Oh, and .... Congratulations!
posted by anastasiav at 7:44 AM on October 24, 2007


The dune bashing I did in Dubai on this tour was pretty tame, definitely not a problem for a pregnant missus. I'd heartily recommend it - the food was good, the guides were great, and the views and visit to the camel souq were incredible.

We didn't stay at the Burj-al-Arab either, but we did have the most incredible lunch at Pierchic (in the Madinat Jumeirah Resort) which has arguably the best views of it in the city. Great seafood.

Go to the Gold Souq at night - it's so much better when everything is glittering under the lights and bustling with people.
posted by meerkatty at 7:54 AM on October 24, 2007


Head to the beach!

Jumeriah public beach is gorgeous. The water is clear, it only costs about 2 dirhams to get in, and is a short cab ride from Deira. I would, however, recommend that you wait until after 2:00 to go as the weather there is similar to that of Vegas in July.

Strolling through the souks and malls-yes, a visit to City Center is a must and part of the Emirati experience-is always good for some interesting spectacle.

If you want any restaurant recommendations feel free to email me through metafilter.
posted by dagnyduquette at 7:57 AM on October 24, 2007


Also, since we're staying near the Deira City Centre, just how practical is it heading out to Jumeirah?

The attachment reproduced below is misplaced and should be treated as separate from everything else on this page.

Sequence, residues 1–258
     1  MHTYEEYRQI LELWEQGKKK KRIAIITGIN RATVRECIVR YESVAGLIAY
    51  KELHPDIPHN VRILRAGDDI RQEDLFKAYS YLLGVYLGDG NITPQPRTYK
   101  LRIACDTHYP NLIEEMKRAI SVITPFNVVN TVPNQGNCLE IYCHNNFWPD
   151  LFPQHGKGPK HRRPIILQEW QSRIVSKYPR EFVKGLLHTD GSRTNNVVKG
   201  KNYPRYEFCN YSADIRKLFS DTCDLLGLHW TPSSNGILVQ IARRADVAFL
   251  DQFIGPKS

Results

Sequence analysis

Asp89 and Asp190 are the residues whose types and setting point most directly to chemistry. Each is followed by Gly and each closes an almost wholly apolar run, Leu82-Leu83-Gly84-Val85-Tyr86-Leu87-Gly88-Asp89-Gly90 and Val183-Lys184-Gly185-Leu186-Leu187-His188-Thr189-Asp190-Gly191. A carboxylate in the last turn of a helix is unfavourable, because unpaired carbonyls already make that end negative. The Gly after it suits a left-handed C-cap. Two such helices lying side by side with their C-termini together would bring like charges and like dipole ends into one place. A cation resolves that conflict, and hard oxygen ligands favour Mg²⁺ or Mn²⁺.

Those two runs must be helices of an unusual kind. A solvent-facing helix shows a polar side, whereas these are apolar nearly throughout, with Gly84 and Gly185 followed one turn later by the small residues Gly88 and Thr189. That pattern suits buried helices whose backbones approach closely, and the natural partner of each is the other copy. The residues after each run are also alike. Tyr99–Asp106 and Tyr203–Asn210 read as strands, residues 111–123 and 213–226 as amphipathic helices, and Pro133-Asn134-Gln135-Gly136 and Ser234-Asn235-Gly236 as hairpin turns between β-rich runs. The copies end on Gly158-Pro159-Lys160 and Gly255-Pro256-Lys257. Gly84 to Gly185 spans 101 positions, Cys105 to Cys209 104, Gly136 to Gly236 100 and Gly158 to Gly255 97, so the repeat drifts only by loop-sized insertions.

posted by kuperman at 8:00 AM on October 24, 2007


Well, I would check out the restaurants at the Bustan Al-Rotana as they have about 5 restaurants inside the hotel itself.

The have a Lebansese one that is a real joy to go to on the weekend night (their weekend, not ours, so plan on a quiet Saturday night) that you will be well fed and have a blast until the wee hours if that's what you want.

Also, because a majority of the people who live in Dubai are NOT Emriatii, there are some great restaurants of a wide variety of cuisines. The concierge at your hotel should be more than happy to help you with your desires.

OK< so all I talked about was food.....so?
posted by Dagobert at 9:18 AM on October 24, 2007


As far as inter city travelling (you mention Dubai but there are other cities in the UAE....just not ones as 'exciting' as Dubai.), taxi is the way to go. IIRC, the last time I went to Jumeirah from the Deira City Centre was approx 50 durhams, approx U$14, one way.